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MEDICAL ERRORS may cause 400,000 deaths annually in US

Fifteen years ago, the famous To Err Is Human report issued by the Institute of Medicine estimated that the number of patients who die from medical errors is about 98,000 each year.  A more recent estimate puts that number at over 400,000 annually.  This is not meant to suggest that the problem has grown worse, rather that the earlier estimate was too low.  This brief report in JAMA is a recap of a Senate subcommittee hearing held in July (there is a link below to the video of the hearing if you’d like to watch the whole thing).

Dr. Peter Pronovost, who has been a champion in decreasing the rate of central line-associated bloodstream infections (CLABSI), testified that it would be beneficial to have a national system for collection of patient safety-related data.  Such a system might logically build on the existing database that tracks health care-associated infections that is maintained by the Centers for Disease Control.

It is also suggested that a national patient safety monitoring board should be created.

Sources: Kuehn, B.M.  Patient safety still lagging: advocates call for national patient safety monitoring board.  JAMA.  Aug. 20, 2014.  Click here for full text: http://jama.jamanetwork.com/data/Journals/JAMA/0/jmn140070.pdf  Posted by AHA Resource Center (312) 422-2050, rc@aha.org

This article refers to a Senate Committee on Health, Education, Labor and Pensions, Subcommittee on Primary Health and Aging hearing.  Click here for access: http://www.help.senate.gov/hearings/hearing/?id=478e8a35-5056-a032-52f8-a65f8bd0e5ef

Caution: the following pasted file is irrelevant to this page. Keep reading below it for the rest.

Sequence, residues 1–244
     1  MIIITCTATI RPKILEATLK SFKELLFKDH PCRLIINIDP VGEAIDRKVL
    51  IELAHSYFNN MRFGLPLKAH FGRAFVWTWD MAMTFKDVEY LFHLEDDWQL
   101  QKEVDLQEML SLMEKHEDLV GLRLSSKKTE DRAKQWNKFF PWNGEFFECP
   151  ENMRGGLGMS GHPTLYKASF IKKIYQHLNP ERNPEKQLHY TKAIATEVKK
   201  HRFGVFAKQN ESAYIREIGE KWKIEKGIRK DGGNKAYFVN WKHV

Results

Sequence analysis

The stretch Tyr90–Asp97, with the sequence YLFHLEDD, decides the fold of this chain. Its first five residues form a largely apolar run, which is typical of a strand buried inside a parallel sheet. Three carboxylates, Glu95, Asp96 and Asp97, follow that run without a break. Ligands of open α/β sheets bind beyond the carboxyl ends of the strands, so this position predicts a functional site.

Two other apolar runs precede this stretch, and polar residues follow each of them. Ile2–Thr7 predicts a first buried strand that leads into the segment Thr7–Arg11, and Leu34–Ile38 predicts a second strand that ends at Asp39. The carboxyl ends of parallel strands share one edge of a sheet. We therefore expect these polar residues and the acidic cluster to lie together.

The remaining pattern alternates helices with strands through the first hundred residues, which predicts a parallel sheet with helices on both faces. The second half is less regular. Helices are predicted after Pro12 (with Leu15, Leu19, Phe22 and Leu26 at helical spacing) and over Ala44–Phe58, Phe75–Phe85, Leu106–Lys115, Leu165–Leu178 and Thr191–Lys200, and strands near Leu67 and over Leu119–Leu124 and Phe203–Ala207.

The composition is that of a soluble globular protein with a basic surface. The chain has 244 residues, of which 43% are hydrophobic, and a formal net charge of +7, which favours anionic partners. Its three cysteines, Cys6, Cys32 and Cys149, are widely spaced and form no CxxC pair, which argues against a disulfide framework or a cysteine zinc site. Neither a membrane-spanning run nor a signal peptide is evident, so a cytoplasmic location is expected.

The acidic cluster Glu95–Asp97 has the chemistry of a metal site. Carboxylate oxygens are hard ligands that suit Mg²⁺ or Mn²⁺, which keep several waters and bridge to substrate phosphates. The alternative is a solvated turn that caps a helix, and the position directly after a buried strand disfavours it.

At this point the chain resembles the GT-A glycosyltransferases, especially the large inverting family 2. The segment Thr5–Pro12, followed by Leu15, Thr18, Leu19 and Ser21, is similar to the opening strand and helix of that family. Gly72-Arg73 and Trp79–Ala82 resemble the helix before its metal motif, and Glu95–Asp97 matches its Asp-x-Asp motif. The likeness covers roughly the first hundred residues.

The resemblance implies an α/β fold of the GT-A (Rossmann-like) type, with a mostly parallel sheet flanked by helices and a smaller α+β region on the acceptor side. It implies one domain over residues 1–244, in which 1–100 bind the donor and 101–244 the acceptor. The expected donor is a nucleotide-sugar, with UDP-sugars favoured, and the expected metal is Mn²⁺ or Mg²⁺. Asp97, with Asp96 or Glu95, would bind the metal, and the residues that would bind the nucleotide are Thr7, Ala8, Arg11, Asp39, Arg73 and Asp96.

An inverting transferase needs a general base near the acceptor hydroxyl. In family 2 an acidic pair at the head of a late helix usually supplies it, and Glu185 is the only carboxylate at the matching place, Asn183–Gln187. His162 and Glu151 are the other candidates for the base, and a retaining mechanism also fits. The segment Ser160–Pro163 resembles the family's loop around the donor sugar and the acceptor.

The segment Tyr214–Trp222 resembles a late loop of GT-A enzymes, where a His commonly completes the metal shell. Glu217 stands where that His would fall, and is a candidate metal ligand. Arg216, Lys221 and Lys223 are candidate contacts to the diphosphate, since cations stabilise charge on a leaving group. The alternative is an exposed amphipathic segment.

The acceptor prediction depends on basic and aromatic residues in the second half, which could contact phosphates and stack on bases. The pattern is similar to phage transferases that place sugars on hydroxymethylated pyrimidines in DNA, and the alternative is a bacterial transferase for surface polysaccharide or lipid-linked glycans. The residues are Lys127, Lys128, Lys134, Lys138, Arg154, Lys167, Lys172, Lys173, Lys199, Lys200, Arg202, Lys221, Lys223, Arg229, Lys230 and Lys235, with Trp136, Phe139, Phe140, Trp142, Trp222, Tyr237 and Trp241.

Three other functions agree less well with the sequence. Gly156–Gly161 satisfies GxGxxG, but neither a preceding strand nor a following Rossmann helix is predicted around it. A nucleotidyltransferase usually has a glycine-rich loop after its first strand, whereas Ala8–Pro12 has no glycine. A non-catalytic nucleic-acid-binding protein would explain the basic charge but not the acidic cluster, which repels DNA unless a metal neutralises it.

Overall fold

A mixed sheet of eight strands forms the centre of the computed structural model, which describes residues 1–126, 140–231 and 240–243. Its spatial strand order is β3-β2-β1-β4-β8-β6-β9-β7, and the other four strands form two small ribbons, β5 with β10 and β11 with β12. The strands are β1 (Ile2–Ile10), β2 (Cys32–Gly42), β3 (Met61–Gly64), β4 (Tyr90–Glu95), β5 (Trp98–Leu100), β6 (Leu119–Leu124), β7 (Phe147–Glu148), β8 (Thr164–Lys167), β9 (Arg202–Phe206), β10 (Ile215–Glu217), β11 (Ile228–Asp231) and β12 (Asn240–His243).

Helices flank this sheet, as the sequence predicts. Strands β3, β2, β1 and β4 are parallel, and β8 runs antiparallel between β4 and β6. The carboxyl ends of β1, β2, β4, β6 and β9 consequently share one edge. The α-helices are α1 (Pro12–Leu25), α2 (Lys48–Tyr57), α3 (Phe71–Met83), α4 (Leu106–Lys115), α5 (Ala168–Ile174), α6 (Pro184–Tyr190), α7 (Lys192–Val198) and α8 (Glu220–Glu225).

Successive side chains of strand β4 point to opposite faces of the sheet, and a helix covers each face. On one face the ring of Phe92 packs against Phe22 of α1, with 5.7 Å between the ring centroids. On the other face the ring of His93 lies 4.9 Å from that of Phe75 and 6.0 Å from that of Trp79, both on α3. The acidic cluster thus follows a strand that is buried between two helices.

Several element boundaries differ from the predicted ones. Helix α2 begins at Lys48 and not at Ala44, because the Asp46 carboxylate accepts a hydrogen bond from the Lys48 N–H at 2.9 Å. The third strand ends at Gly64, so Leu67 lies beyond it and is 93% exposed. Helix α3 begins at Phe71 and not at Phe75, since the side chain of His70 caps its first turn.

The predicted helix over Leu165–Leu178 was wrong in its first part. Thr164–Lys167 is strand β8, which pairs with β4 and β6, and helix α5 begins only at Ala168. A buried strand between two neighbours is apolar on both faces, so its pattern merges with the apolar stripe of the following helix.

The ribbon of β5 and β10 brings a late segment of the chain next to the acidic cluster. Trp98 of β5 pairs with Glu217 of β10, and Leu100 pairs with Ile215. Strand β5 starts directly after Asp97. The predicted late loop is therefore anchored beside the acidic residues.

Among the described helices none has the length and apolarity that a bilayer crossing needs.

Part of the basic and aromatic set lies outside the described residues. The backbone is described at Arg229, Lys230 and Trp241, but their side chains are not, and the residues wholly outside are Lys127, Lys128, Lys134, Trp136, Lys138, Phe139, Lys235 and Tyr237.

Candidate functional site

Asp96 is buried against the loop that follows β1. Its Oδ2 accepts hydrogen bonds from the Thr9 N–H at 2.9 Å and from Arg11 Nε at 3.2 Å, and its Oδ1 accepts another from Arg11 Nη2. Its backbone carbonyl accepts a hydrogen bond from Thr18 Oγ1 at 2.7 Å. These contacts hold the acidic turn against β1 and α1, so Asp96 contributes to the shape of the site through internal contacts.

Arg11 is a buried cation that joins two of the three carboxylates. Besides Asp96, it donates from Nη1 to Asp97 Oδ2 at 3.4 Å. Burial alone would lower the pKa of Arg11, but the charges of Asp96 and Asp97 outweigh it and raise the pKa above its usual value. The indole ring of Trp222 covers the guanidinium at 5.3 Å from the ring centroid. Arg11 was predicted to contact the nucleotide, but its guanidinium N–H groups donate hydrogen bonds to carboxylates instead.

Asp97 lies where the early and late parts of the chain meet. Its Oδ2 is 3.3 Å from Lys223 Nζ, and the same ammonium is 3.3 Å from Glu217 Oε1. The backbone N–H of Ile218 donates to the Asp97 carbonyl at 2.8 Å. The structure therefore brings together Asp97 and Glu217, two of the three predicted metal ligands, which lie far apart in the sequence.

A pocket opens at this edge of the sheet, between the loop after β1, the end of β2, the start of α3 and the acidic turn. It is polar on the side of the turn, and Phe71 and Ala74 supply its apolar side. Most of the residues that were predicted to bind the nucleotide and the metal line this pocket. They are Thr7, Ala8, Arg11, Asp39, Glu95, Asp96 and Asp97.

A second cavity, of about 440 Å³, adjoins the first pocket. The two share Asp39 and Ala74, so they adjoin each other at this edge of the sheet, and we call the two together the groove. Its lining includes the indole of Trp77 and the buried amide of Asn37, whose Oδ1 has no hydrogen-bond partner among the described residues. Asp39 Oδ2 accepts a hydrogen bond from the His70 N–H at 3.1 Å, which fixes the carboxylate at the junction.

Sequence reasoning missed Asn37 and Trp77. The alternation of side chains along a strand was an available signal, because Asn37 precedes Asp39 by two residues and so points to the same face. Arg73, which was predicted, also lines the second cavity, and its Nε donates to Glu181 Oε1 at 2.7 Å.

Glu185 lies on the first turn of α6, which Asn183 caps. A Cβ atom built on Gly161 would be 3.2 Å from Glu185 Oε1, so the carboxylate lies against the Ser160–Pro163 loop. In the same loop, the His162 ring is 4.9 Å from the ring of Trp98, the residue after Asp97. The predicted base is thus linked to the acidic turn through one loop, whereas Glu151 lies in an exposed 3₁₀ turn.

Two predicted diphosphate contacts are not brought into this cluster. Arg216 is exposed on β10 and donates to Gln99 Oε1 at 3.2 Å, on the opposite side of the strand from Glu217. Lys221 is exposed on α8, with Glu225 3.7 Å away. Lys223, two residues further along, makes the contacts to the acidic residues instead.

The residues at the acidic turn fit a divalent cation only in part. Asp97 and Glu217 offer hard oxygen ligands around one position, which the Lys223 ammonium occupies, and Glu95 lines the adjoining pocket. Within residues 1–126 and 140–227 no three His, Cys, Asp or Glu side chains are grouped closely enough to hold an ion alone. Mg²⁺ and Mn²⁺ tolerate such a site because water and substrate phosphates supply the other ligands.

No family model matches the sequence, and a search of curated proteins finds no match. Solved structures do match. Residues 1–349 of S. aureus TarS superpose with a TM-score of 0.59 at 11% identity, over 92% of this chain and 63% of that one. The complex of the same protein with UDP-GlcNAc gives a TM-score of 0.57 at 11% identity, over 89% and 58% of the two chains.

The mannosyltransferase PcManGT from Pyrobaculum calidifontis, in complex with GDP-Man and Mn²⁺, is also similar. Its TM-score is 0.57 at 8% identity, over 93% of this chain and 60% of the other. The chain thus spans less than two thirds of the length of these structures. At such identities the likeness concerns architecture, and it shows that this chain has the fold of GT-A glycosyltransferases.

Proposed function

The article refers to the report To Err Is Human, which can be accessed here: http://www.iom.edu/Reports/1999/To-Err-is-Human-Building-A-Safer-Health-System.aspx

The article refers to the Centers for Disease Control and Prevention’s HAI Prevalence Survey, which can be explored here: http://www.cdc.gov/HAI/surveillance/index.html 

 

Checklists to Improve Patient Safety

AHA’s Health Research and Educational Trust has just released a series of 10 evidence-based checklists for improving patient safety in these areas:

  1. Adverse drug effects
  2. Catheter-associated urinary tract infections
  3. Central line-associated blood stream infections
  4. Early elective deliveries [Cesarean]
  5. Injuries from falls and immobility
  6. Hospital-acquired pressure ulcers
  7. Preventable readmissions
  8. Surgical site infections
  9. Ventilator-associated pneumonias and events
  10. Venous thromboembolisms

For additional information, ‘change packages’ for each checklist topic are available on the AHA/HRET Hospital Engagement Network [HEN] web site at www.hret-hen.org.

Source: Checklists to improve patient safety; signature leadership series. Health Research and Educational Trust in partnership with American Hospital Association, June 2013. http://www.hpoe.org/Reports-HPOE/CkLists_PatientSafety.pdf

Posted by AHA Resource Center, (312) 422-2050, rc@aha.org

Sustained zero CLABSI is achievable

A study published in the Archives of Internal Medicine examined central line-associated bloodstream infection (CLABSI) data for intensive care units of hospitals located predominantly in Michigan. The hospitals all participated in a targeted quality improvement iniative known as the Comprehensive Unit-based Safety Program, or CUSP, that was implemented through the Michigan Keystone ICU Project. The researchers found that 60 percent of the 80 ICUs evaluated were infection-free for a year or more, and 26 percent achieved two years or more. In the study, smaller hospitals sustained zero infections longer than larger hospitals.

Source: Lipitz-Snyderman, A., and others. The ability of intensive care units to maintain zero central line-associated bloodstream infections. Archives of Internal Medicine. 171(9):856-858, May 9, 2011. http://archinte.ama-assn.org/cgi/content/extract/171/9/856

Posted by the AHA Resource Center, (312) 422-2050 rc@aha.org